|16-year old Scarlett and her beaux at Twelve Oaks plantation|
|Scarlett’s fashion comeback in the green curtain dress made by her slave, Mammy|
But Scarlett O’Hara is so much more than a beauty with a glamorous wardrobe. I was only 12 when we met, and I remember being fascinated with her energy, spirit and determination. What Scarlett wants, Scarlett gets. What stands in her way, she dismisses with an impatient, “Fiddle-dee-dee!” She does not stop there. “Great balls of fire, don’t bother me anymore, and don’t call me sugar!” Yes, Scarlett has attitude. She can be scathing and cruel. But some in her entourage do not let her get away with it.
|Faithful Mammy keeps an eye on Scarlett|
|Scarlett: “Sir, you are no gentleman!”
Rhett: “And you, miss, are no lady!”
Scarlett is far from perfect. Even as a young teenager, I could tell my heroine had questionable interpersonal skills, and not an ounce of self-awareness. Doesn’t she spend the whole story chasing her cousin Melanie’s husband, the chivalrous Ashley Wilkes, ignoring all along that her true love is Rhett Butler? That part infuriated me. What did she see in soft-spoken Ashley?
|A young Scarlett, her cousin Melanie and Ashley Wilkes|
And yet, sweet Melanie Wilkes, her cousin, doggedly stands by her side, until her untimely death. “Why?,” one may wonder. What sensitive and forgiving Melanie sees is the shining side of Scarlett. Melanie ignores Scarlett’s tantrums and tempestuous outbursts, focusing instead on her actions during the war years, her intelligence and determination, her courage. Scarlett survives the war, and in what becomes a pattern in her life, overcomes today’s trauma, so she can reach tomorrow. While all the men are at war, Scarlett takes on the burden of her family, servants, and the Wilkes family, while running Tara, the family plantation. In short, Scarlett is indomitable. Through Melanie’s understanding and loving eyes, we come to admire Scarlett’s strength.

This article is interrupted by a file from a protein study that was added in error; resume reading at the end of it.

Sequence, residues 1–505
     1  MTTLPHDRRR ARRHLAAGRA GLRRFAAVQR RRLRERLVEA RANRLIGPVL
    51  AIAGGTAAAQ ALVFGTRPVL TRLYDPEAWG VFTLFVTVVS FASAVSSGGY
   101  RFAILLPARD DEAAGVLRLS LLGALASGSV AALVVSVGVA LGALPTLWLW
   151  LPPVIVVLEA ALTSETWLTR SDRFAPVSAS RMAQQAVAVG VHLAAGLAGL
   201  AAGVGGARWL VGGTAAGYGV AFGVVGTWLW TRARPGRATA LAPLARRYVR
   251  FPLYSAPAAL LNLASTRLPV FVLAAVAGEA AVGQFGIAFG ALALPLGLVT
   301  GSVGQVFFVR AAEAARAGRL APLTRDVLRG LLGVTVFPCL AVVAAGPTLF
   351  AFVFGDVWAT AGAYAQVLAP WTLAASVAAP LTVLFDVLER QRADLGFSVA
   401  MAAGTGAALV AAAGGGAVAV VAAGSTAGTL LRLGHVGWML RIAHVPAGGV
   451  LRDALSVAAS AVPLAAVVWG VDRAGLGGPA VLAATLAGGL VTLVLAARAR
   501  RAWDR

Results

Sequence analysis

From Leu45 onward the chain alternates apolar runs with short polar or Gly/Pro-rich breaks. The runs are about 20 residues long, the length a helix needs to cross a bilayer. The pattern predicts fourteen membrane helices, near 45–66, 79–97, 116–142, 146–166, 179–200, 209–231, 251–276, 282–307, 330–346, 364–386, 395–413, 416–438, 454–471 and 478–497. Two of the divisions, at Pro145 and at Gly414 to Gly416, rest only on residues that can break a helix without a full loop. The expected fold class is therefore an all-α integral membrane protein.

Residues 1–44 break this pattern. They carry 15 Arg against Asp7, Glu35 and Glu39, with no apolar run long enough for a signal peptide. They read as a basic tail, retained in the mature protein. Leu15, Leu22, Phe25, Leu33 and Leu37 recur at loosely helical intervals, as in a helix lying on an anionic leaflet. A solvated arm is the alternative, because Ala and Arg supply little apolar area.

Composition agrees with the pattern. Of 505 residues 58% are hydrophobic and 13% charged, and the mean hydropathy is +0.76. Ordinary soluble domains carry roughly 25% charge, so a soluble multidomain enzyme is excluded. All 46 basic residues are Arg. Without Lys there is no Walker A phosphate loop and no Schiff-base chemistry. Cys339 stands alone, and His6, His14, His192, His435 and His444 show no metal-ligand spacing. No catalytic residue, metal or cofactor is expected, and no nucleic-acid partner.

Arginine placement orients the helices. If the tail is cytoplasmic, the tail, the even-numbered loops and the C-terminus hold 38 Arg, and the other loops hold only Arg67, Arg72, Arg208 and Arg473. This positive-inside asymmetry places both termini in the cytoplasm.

|The plantation mistress works in the cotton fields|
The magnificent scene at the end of Part 1 still gives me the goose bumps. A different Scarlett emerges out of the harrowing war years. Hunger and poverty have damaged her. She is harder, and determined to survive. She will re-invent herself into a ruthless and materialistic opportunist.
|“I’ll never be hungry again!”|
“As God is my witness, as God is my witness.
And as we watch her grow into a powerful businesswoman and a leader, and follow her disastrous and often misguided personal life, we wish – the young teenager I was then, so many years ago, wished – that we could shake her up, tell her to open her pretty green eyes and really look at the people around her. Come on, Katie Scarlett, look at Melanie. Listen to her. A girl needs girlfriends. True friends. Not all women are enemies you need to compete with. And Rhett. What a guy, Scarlett. Don’t let Rhett run away from you. Forget Ashley. He is so “Old South!” Rhett is the future. He understands you. He will be by your side, no matter what happens.
There is no reasoning with Scarlett. Watching her towards the end of the movie is like seeing a runaway train headed for a precipice. It is mesmerizing and terrifying all at once. Then the ending comes. Rhett finally gives up on her, and leaves their beautiful house, with what remains one of the most famous lines in American cinema: “Frankly, my dear, I don’t give a damn.“
|Magnificent Vivien Leigh|
|Scarlett is home again|